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Energy commodity report: January 25, 2011

All prices unless otherwise stated are for the close of January 24.

2012 baseload German power: €51.32/MWh, up 0.04%
2012 CIF ARA Coal: €115.47/t, down 0.47%
Front month UK natural gas: GBp55.35/therm, up 0.42%
EU emission allowances (EUAs) for December 2011 delivery: €14.59/t, up 0.76%
Certified Emission Reduction(s) (CERs) for December 2011 delivery: €11.05/t, up 0.55%
Brent crude oil futures for front-month 2010 delivery: US$96.55/bbl, down 0.1% as of GMT 08:30, January 25
WTI crude oil futures for front-month 2010 delivery: US$87.61/bbl, down 0.0%, as of GMT 08:30 January 25

Latest buzz

Benchmark sweet light crude on the NYMEX has fallen to its lowest price in nearly eight weeks, due to a combination of renewed speculation that OPEC may boost production to stabilise prices. Also weighing on the market are concerns that tomorrow’s oil and oil product inventory report from the EIA will show a increase in crude stockpiles. According to a Bloomberg poll, analysts are expecting US crude inventories to rise by 1.25Mbbl. The turn in market sentiment suggests that in the absence of new bullish data, speculators may start to unwind what appears to be a surprisingly large net long holding. It is also thought that WTI’s attractiveness is waning, due to the large spread between it and Brent crude. In addition, while Brent is thought to be a flawed yardstick for international oil prices, due to its reliance on depleting oil fields in the North Sea and the fact that several players such as Hetco hold large physical positions, it is still thought to be better than WTI, given the latter’s use of the landlocked Cushing terminal for physical delivery and the fact that demand is driven by the US economy. As the US has been the most affected by the global financial crisis and one of the slowest to recover, this trait has not entered WTI to traders with an international focus.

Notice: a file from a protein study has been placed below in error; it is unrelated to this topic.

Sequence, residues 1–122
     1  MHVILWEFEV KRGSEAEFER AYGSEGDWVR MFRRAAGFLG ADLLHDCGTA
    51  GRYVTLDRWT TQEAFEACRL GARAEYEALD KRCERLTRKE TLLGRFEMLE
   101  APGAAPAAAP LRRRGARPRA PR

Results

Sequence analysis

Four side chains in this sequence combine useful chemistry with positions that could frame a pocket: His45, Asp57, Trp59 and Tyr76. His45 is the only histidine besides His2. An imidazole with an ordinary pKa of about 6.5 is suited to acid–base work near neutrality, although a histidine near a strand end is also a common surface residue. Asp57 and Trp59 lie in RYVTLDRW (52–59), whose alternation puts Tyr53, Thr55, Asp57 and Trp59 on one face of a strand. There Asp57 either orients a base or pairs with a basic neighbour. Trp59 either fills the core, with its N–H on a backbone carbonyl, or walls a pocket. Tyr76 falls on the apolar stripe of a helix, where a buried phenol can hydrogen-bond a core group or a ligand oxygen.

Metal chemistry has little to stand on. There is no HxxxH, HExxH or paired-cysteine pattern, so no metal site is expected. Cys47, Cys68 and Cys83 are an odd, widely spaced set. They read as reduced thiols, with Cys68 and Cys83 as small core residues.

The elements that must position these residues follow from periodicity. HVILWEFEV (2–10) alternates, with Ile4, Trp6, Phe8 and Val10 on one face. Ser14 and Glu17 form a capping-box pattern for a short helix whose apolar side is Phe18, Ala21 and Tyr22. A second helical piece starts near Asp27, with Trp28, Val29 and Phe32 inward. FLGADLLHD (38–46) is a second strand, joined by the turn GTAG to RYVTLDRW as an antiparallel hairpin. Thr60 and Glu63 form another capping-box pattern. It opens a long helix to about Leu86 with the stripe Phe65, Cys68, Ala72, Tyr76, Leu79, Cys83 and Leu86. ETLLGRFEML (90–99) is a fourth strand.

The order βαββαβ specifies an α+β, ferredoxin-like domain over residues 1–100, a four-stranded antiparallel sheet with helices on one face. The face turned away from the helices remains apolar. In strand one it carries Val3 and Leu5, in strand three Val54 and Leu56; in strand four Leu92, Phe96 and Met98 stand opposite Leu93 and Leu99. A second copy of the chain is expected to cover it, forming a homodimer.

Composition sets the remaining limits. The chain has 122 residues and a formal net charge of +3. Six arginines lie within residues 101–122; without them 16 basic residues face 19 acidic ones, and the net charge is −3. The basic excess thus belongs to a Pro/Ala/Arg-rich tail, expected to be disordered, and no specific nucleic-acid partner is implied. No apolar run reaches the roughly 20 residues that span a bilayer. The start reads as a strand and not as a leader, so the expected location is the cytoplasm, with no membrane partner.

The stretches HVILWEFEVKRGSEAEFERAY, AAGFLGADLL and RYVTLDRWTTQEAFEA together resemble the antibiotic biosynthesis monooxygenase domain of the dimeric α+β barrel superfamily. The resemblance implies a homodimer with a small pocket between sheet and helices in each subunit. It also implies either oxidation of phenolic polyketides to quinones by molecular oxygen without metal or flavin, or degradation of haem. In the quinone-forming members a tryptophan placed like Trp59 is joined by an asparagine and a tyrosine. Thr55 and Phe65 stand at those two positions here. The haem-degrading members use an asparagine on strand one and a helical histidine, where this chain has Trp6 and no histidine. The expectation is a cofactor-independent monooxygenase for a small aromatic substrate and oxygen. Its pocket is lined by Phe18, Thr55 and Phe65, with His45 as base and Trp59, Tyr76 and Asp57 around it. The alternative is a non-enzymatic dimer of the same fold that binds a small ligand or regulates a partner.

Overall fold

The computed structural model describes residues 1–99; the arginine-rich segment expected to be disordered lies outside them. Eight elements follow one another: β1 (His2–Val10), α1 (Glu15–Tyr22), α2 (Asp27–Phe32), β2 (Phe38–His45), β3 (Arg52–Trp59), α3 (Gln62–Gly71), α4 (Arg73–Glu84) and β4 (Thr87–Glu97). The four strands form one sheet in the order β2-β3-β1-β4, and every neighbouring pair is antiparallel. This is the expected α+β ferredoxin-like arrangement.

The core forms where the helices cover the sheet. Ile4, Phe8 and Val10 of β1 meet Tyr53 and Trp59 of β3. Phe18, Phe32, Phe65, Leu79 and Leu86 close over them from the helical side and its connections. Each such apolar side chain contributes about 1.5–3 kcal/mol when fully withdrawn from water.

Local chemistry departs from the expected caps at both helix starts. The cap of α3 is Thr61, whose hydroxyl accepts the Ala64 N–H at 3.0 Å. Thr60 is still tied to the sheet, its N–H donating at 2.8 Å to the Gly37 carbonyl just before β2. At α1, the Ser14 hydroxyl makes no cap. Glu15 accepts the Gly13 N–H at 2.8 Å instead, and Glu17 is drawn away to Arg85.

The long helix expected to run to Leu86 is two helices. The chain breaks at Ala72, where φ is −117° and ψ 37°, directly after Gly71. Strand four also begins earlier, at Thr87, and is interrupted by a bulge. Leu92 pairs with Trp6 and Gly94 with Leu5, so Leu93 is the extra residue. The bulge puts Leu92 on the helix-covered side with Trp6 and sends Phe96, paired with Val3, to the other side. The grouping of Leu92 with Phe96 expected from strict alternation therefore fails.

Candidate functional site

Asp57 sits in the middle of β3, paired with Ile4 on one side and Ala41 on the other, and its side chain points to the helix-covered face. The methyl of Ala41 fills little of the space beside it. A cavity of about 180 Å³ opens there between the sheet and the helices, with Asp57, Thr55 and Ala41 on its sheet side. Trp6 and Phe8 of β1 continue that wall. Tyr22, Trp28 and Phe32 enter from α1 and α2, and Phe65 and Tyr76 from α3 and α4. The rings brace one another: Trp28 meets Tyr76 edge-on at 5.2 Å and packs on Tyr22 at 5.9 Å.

For those with their eye on the longer-term picture, Bank of America Merill Lynch’s latest Gloal Energy Weekly report struck a few warning notes. It claims that total global energy consumption is currently around 7.9%, up 1.2 percentage points from last year. It hit 9% during both the second oil crisis in 1980 and in 2008, where it briefly spiked to 12% when oil rose above US$145/bbl. The report expects Brent crude prices to average around US$115/bbl this year, before rising to US$130/bbl in 2012. However, it argues that a “sharp spike in oil prices above US$115/bbl this year remains an unlikely possibility, due to high inventories, the prospect of a uptick in Iraqi oil production and OPEC spare capacity holding at around 5.4Mbpd, among other factors.

Natural gas for February delivery settled down US¢15.6, or 3.3% lower at US$4.580/MBtu, despite further forecasts for cold weather across the US over the next few weeks. The fact that prices rose by 5.7% over the course of last week, suggests that yesterday’s decline was triggered by profit-taking. According to meteorologists with WSI Crop, temperatures will be below normal in states east of the Rocky Mountains over the January 30-February 8 period, while those at Commodity Weather Group have said that the current cold snap is likely to persist throughout much of February.

European and South African coal prices fell by US$2/t to their lowest levels since early December, in response to lacklustre demand. While flooding in Australia pushed some utilities into the market last month, traders report that the combination of lower power prices and poor dark spreads are weighing on the market, with European demand back to the low levels prior to the crisis. However, bad weather is still impacting on supplies from South Africa, Indonesia and Colombia and current estimates suggest that it will be many months before Australia output recovers.

Coal shipments from Australia’s Newcastle port fell by almost 22% last week, to 1.8Mt, down from the 2.3Mt seen in the previous week, according to the Newcastle Port Corporation. Australian thermal coal prices on the globalCOAL weekly index settled at US$124.25/t for the week to date on Monday, down from the US$130.77/t. The number of vessels queuing at the port has been holding steady at 20, while the average waiting time has fallen from 13.5 days to 12.9.

The Dec11 EUA contract spent most of Monday trading in a near €0.20 range, eventually finishing up 0.76% at €14.59/t. Volumes were down by over 50% compared to Friday, with just 7802 contracts traded. The Dec12 and Dec13 contracts being most affected. The EU is now expecting around half of the national registries to resume trading on Wednesday, thanks to the implementation of new security measures designed to counter fraud. Over in the CER markets, the Dec12 contract made up 68% of trades as traders grew more interested in trading in the CER-EUA spread, after it widened by €0.05 on Friday to finish at -€4.14/t. While the Dec11 and Dec12 contracts rose by 0.55% and 0.65% respectively, the Dec13 contract continued its decline, falling by 0.37% as the EU’s decision to delay the phasing out of CERs generated from industrial gas destruction projects until May 2013, is still hitting their perceived value.

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